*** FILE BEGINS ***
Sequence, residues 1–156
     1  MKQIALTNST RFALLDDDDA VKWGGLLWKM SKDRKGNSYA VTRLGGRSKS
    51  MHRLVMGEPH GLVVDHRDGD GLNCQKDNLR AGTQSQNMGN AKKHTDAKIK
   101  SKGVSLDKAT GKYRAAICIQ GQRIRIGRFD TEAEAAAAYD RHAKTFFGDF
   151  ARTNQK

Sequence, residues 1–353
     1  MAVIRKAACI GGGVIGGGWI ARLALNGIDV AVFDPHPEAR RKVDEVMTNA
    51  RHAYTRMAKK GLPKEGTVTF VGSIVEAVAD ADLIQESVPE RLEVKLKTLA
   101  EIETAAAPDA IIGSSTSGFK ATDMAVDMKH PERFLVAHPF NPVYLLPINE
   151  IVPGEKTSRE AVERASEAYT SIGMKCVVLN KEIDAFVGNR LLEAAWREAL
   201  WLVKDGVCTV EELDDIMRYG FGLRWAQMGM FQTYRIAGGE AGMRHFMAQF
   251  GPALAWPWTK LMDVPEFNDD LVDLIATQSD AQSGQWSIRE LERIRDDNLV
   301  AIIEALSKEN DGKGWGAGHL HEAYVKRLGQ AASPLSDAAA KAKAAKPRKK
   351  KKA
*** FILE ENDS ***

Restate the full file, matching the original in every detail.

Sequence, residues 1–156
     1  MKQIALTNST RFALLDDDDA VKWGGLLWKM SKDRKGNSYA VTRLGGRSKS
    51  MHRLVMGEPH GLVVDHRDGD GLNCQKDNLR AGTQSQNMGN AKKHTDAKIK
   101  SKGVSLDKAT GKYRAAICIQ GQRIRIGRFD TEAEAAAAYD RHAKTFFGDF
   151  ARTNQK

Sequence, residues 1–353
     1  MAVIRKAACI GGGVIGGGWI ARLALNGIDV AVFDPHPEAR RKVDEVMTNA
    51  RHAYTRMAKK GLPKEGTVTF VGSIVEAVAD ADLIQESVPE RLEVKLKTLA
   101  EIETAAAPDA IIGSSTSGFK ATDMAVDMKH PERFLVAHPF NPVYLLPINE
   151  IVPGEKTSRE AVERASEAYT SIGMKCVVLN KEIDAFVGNR LLEAAWREAL
   201  WLVKDGVCTV EELDDIMRYG FGLRWAQMGM FQTYRIAGGE AGMRHFMAQF
   251  GPALAWPWTK LMDVPEFNDD LVDLIATQSD AQSGQWSIRE LERIRDDNLV
   301  AIIEALSKEN DGKGWGAGHL HEAYVKRLGQ AASPLSDAAA KAKAAKPRKK
   351  KKA